The NSW Government recently released a draft exposure bill outlining reforms to the NSW planning system.
A discussion paper, Improving the NSW Planning System, was placed on public exhibition for a 10-week period in late 2007 and early 2008, attracting 538 submissions. NSW Minister for Planning, Frank Sartor said in a statement that many of the key reforms outlined in the discussion paper were reflected in the exposure bill, including:
* establishing a Planning Assessment Commission of independent experts to decide about 80 per cent of proposals currently decided by the Minister;
* a series of Joint Regional Planning Panels, made up of NSW Government and local council nominees to determine regionally-significant proposals;
* expanding the Building Professionals Board’s powers, allowing it to suspend or revoke a certifier’s accreditation without having to go to the Administrative Decisions Tribunal, and lifting the maximum fine it can impose from $11,000 to $110,000; and
* introducing arbitrators and other non-lawyer reviews of planning decisions.
“As part of the reforms, community members will be able to challenge a new category of development to be known as ‘public interest development’,” Mr Sartor said.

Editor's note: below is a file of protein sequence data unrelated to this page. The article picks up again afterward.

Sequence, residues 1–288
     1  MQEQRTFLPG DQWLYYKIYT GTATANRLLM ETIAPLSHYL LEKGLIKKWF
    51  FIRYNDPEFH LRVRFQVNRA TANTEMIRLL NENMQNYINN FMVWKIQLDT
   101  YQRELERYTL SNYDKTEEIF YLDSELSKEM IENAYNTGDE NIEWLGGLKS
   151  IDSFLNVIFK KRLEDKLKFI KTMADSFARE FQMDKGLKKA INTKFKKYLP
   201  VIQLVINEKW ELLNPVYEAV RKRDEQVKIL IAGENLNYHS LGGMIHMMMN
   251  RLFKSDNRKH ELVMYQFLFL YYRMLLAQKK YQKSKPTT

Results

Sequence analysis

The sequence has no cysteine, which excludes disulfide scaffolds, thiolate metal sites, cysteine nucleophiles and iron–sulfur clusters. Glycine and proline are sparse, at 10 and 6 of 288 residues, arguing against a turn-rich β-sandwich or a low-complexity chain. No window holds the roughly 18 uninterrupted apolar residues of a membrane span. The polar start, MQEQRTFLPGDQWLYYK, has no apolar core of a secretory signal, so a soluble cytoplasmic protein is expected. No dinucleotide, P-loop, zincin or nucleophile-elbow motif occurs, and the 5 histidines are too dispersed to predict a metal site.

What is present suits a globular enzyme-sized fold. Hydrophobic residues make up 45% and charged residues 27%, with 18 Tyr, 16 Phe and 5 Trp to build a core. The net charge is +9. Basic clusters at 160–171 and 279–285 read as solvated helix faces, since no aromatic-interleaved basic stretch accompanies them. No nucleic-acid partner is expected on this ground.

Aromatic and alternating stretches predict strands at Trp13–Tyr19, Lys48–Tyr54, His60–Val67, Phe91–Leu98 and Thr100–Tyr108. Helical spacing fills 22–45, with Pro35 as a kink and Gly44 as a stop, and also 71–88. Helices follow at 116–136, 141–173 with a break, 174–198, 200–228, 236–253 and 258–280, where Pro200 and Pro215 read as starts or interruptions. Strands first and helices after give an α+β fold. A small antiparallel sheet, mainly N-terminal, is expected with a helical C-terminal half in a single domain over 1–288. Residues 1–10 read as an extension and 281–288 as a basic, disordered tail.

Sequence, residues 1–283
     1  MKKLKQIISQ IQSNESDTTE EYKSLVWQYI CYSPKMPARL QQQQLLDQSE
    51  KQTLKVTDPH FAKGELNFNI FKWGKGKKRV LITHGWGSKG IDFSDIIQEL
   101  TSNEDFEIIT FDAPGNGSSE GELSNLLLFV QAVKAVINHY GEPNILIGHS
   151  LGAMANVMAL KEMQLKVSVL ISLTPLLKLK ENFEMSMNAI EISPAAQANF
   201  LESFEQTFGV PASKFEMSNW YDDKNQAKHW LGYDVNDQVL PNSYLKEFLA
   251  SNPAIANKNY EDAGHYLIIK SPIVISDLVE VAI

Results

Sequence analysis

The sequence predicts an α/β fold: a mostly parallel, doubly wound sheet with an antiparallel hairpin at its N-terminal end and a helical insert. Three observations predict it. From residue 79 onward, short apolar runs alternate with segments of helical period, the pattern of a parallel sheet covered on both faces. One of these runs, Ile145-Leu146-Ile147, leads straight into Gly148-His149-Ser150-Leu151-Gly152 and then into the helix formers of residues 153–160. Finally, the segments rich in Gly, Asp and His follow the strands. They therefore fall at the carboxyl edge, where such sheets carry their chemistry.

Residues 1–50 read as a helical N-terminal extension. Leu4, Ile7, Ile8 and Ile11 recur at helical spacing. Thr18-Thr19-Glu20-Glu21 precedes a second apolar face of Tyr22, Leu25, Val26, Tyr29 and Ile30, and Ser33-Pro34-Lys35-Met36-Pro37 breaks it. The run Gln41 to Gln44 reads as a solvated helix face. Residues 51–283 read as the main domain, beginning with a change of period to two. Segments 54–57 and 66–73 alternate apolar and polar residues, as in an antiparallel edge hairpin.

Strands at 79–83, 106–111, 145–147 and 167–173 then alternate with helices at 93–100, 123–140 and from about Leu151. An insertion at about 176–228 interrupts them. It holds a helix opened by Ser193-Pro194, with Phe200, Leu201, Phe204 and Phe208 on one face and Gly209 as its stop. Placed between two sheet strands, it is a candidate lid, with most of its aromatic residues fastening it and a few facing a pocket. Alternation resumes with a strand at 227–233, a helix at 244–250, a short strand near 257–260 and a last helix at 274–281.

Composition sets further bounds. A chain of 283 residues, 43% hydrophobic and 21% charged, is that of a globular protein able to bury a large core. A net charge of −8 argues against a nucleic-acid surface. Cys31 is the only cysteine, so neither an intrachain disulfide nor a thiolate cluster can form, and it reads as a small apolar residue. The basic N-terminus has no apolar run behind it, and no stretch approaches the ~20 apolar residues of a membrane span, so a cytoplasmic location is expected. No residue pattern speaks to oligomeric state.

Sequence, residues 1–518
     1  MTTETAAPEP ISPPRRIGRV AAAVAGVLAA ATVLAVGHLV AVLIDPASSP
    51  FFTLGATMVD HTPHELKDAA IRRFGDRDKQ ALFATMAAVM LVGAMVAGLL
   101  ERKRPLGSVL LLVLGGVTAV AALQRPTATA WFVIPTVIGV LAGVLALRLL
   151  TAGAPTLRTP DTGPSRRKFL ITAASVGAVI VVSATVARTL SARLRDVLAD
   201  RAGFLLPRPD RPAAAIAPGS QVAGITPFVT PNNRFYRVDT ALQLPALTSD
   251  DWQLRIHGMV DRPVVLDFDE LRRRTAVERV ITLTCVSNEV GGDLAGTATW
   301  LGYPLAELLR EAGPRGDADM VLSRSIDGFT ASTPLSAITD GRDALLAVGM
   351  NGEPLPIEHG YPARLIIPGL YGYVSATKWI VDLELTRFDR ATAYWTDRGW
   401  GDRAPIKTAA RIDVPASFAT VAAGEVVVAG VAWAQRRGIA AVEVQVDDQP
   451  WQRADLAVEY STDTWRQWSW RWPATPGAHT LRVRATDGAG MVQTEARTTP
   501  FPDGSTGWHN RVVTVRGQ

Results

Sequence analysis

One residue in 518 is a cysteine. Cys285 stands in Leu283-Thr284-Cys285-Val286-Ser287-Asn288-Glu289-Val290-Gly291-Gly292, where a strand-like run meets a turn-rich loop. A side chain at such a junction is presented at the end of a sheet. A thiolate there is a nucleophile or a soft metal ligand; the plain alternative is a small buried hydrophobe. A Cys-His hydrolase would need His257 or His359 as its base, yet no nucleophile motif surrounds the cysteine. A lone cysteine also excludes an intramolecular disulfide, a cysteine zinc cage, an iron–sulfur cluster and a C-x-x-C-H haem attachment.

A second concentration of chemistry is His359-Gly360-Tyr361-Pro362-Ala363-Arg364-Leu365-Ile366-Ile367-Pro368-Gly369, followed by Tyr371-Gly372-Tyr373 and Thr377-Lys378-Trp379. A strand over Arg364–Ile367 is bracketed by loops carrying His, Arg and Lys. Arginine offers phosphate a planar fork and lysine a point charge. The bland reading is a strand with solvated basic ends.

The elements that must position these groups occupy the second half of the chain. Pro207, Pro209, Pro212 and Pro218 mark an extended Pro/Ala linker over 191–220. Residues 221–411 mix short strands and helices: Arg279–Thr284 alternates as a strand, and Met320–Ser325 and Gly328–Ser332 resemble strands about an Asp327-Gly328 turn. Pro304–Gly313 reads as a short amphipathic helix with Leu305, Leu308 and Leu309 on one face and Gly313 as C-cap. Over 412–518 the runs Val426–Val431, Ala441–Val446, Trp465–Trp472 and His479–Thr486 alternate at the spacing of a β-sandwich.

“This category is likely to include certain projects which exceed development controls by more than, say, 25 per cent, and could be expanded over time.
“This proposal is a powerful anti-corruption measure which will provide far greater community objector rights to challenge inappropriate development.
“It is handing broad review powers to the community for high-risk developments."
Mr Sartor said he expected the new review powers would discourage councils’ use of the State planning policy SEPP 1 to approve developments which exceeded height and floor space rules. These changes are in addition to existing rights for members of the community to challenge approvals in the Land and Environment Court.
The Draft Exposure Bill also contains provisions to create a more accountable system for levying and delivering community infrastructure. It will define issues, including housing affordability, that must be taken into account by councils when developing contribution plans.
The Draft Exposure Bill package – which includes the Environmental Planning and Assessment Amendment Bill 2008, Building Professionals Amendment Bill 2008 and the Strata Management Legislation Amendment Bill 2008 – will be released for comment until April 24, 2008
For more see www.planning.nsw.gov.au/planning_reforms/index.asp
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